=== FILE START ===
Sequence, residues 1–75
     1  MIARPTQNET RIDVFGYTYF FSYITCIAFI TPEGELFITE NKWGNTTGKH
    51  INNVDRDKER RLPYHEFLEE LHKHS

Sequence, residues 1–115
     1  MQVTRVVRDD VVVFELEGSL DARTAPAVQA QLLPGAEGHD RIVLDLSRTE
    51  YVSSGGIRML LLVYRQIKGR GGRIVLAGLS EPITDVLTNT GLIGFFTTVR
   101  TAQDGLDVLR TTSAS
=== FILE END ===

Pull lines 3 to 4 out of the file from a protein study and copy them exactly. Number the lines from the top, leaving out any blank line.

    51  INNVDRDKER RLPYHEFLEE LHKHS

Sequence, residues 1–115